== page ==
“I wanted to order for carryout” I said, “do you have the Chinese menu?”

“No Chinese! American only!”

“Oh.  Can I see a menu then?” I swear she practically threw one at me. “You call!” She seemed genuinely irked that I had showed up in person to make an order.  I said something about the menu changing, and she gestured to the one in my hand.  I nodded and said “Yes, I know, and I’ll keep this one.”

Then I ordered and paid and she again raised her voice, “Twenty to thirty five minutes!” I said okay and drove back home.

It wasn’t always this way.  The original Ying herself moved back to China years ago.  But when she ran the place, there were many original dishes, I mean her own inventions, including several salads, which are unheard of in China. Then her husband took over for a time, and it became a more mainstream western menu. Then some young Chinese men bought it and they introduced the little hunks of meat on a skewer and cooked over a flame thing- chicken hearts, whole little fish, even sheep testicles. That didn’t last long.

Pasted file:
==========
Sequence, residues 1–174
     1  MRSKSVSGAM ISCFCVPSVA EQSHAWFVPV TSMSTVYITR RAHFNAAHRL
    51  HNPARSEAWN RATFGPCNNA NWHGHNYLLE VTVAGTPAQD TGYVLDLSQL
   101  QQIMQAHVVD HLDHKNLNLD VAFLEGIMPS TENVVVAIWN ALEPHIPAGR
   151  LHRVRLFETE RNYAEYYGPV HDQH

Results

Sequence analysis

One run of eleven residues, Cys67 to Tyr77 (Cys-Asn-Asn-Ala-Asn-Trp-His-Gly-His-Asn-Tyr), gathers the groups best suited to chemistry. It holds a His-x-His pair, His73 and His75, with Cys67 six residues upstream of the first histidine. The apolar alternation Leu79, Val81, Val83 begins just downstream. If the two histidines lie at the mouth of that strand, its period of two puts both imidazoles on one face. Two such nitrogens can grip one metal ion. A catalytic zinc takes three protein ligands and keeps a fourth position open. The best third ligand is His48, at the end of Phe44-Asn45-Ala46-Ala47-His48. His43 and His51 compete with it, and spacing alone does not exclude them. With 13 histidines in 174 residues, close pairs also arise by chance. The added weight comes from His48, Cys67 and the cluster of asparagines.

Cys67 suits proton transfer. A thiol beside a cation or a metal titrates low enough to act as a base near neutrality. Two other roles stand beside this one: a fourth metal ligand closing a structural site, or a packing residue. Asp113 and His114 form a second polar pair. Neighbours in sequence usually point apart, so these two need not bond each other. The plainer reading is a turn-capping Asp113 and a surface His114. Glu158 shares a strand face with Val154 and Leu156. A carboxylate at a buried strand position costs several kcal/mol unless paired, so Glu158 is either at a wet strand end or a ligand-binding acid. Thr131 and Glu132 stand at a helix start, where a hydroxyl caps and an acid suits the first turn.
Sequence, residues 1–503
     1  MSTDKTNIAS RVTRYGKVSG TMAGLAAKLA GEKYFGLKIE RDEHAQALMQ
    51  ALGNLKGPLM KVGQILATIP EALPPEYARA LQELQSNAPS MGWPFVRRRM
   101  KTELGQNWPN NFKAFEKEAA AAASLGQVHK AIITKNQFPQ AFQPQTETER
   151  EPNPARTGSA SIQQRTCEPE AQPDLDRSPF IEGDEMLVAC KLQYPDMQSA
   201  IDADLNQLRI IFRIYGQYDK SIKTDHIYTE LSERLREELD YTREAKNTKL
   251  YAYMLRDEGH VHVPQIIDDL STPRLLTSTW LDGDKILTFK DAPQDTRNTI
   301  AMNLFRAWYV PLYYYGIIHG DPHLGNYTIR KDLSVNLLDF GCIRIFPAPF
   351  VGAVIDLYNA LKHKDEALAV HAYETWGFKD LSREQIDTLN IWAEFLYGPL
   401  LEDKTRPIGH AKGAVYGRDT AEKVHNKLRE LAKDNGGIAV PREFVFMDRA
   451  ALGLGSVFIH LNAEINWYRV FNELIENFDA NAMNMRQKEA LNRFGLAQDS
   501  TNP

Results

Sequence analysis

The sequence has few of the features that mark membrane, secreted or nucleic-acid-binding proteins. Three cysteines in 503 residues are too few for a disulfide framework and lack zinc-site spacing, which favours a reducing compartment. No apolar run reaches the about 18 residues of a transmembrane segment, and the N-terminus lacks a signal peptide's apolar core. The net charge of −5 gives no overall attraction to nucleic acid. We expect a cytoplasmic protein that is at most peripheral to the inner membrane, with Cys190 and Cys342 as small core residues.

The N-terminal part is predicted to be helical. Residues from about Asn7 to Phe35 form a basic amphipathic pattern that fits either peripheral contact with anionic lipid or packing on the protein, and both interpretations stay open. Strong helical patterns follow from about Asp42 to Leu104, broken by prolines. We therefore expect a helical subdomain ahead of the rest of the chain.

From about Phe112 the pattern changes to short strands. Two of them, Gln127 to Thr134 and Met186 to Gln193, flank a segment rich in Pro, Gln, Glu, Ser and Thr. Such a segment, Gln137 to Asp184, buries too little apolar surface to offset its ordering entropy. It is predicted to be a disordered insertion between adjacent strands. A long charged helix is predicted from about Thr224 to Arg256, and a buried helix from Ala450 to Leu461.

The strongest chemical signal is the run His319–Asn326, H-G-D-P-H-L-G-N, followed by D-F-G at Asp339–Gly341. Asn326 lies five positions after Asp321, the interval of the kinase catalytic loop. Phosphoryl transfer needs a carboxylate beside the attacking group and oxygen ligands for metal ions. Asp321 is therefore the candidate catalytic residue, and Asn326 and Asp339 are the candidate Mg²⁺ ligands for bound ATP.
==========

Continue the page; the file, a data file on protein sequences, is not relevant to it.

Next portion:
The current owner is the somewhat grumpy lady above, the author of the two-part menu and it’s demise.

Through all these changes, one thing stayed constant. The staff never seemed happy to be there.  It’s as if a curse of gloom enveloped the building.  They may have tried, but they never pierced that darkness.  I suppose a poor location is to blame – they just never get enough business to really make it worthwhile.  Also contributing is their miscomprehension of ‘service’- or at least the way we Americans comprehend it.  They could be slow, they’d forget something that was ordered, bring the entrée before the appetizer, etc.  Plus, wearing a long face while waiting tables is not the way to win big tips and enthusiastic return customers.

I’m a return customer and the grumpy lady knows me.  She knows what I order too. She has met my wife and all my children, as I go there to eat pretty often. I have decided long ago to look past the service stumbling for the sake of the good food. Instead of complaining I try to bring a smile to their face; to be, as much as possible in this context, a friend.